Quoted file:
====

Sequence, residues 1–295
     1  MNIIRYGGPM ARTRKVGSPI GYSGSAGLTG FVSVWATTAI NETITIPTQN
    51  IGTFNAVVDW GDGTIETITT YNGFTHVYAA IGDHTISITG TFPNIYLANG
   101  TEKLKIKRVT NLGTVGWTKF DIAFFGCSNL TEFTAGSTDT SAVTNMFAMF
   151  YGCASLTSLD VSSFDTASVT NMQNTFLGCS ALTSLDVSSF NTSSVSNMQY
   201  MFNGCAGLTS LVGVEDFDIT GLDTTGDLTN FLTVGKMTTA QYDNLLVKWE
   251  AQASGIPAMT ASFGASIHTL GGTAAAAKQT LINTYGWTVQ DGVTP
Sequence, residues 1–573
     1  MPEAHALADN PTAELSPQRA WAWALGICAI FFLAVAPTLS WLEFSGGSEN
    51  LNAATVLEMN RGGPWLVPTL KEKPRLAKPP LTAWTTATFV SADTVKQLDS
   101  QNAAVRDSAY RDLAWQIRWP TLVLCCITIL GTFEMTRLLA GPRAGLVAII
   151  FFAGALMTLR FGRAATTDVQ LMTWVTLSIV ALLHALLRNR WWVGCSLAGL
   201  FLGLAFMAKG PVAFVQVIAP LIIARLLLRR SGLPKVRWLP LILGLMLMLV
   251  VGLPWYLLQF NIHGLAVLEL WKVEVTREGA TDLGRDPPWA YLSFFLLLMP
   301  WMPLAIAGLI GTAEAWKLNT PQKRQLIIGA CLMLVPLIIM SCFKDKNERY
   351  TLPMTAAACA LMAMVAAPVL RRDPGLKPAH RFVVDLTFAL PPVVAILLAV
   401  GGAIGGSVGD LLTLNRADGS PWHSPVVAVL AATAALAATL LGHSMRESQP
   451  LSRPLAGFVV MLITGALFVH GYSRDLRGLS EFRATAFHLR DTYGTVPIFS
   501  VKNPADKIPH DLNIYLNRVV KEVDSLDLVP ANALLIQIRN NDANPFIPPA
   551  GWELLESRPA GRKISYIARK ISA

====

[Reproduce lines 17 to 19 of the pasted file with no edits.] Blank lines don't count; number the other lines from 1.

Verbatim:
   401  GGAIGGSVGD LLTLNRADGS PWHSPVVAVL AATAALAATL LGHSMRESQP
   451  LSRPLAGFVV MLITGALFVH GYSRDLRGLS EFRATAFHLR DTYGTVPIFS
   501  VKNPADKIPH DLNIYLNRVV KEVDSLDLVP ANALLIQIRN NDANPFIPPA